The student also needs to make sure that USCIS receives a withdrawal request from the petitioner before the H-1B change of status goes into effect. This will prevent USCIS from changing the student’s status to H-1B. Once the petition has been revoked or withdrawn, the student must provide their DSO with a copy of the USCIS acknowledgement of withdrawal (the notice of revocation). The DSO may then contact the SEVIS helpdesk to request a data fix in SEVIS to prevent the student from being terminated in SEVIS.
If USCIS does not receive the withdrawal request before the date that the student is supposed to change status to an H-1B nonimmigrant, then the student will need to stop working, file Form I-539, Application to Extend/Change Nonimmigrant Status, to request F-1 status, and wait until the change of status request is approved before resuming OPT employment.
The F-1 student can continue working with their approved EAD while the data fix in SEVIS is pending if:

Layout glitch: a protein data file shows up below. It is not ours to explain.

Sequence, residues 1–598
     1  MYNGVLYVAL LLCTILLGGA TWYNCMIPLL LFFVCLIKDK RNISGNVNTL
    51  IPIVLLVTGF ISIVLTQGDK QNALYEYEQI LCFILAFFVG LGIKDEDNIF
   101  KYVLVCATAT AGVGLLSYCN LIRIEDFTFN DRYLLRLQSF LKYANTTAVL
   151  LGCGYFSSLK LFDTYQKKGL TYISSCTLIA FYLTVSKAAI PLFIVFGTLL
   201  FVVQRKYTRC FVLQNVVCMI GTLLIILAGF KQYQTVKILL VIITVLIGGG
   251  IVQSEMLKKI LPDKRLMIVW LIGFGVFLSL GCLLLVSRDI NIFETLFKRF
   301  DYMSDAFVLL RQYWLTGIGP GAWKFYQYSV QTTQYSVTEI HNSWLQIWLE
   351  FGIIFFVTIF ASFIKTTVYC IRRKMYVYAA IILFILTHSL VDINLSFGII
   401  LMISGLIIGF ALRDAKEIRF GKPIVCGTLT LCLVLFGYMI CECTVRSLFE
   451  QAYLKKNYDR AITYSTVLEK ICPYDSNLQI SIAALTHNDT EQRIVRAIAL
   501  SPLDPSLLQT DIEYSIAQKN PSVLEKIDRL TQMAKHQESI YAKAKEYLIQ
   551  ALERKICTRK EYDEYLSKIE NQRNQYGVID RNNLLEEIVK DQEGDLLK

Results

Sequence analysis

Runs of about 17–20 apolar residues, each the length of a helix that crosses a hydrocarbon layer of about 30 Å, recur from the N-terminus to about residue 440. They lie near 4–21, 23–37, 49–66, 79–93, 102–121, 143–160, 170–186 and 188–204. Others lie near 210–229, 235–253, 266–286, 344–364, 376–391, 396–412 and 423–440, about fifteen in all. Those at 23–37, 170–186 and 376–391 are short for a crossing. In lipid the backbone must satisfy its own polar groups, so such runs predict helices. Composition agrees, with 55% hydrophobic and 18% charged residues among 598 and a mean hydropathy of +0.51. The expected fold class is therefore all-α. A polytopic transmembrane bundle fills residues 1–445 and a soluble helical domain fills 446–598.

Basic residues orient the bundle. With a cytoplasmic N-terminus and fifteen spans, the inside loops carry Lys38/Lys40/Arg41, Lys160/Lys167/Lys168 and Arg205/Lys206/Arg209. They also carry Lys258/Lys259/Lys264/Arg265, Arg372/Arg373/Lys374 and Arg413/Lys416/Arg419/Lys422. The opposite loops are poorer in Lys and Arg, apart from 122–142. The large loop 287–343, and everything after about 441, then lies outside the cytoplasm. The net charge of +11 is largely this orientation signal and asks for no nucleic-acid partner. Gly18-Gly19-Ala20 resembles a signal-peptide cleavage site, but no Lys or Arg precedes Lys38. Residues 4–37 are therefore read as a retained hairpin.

- The (former) H-1B employer withdrew the H-1B petition prior to Oct. 1
- The student finds employment appropriate to their OPT;
- The period of OPT is unexpired (which would indicate that the student was not actually utilizing “cap-gap” since they otherwise had valid OPT authorization); and
- The DSO has requested a data fix in SEVIS.
While Waiting for a Data Fix in SEVIS
Working while the data fix is pending: If the employer withdraws the H-1B petition before Oct. 1, the student may continue working past Oct. 1 while the data fix remains pending so long as:
- The student finds employment appropriate to their OPT;
- The period of OPT is unexpired (which would indicate that the student was not actually utilizing “cap-gap” since they otherwise had valid OPT authorization);; and
- The student has not otherwise violated their F-1 status.
- Maintaining valid F-1 status: If the employer withdraws the H-1B petition before the date that the student officially changes to H-1B status, the student generally will remain in F-1 status while the data fix is pending. The student would have the standard 60-day grace period to depart the United States unless the H-1B petition was revoked because of fraud or violation of status.
If the employer withdraws the H-1B petition approval after the date that the student officially changes to H-1B status, the student’s status will have been changed from F-1 to H-1B. The student will no longer be in valid F-1 status and would need to file a Form I-539 if seeking to change back to F-1 status.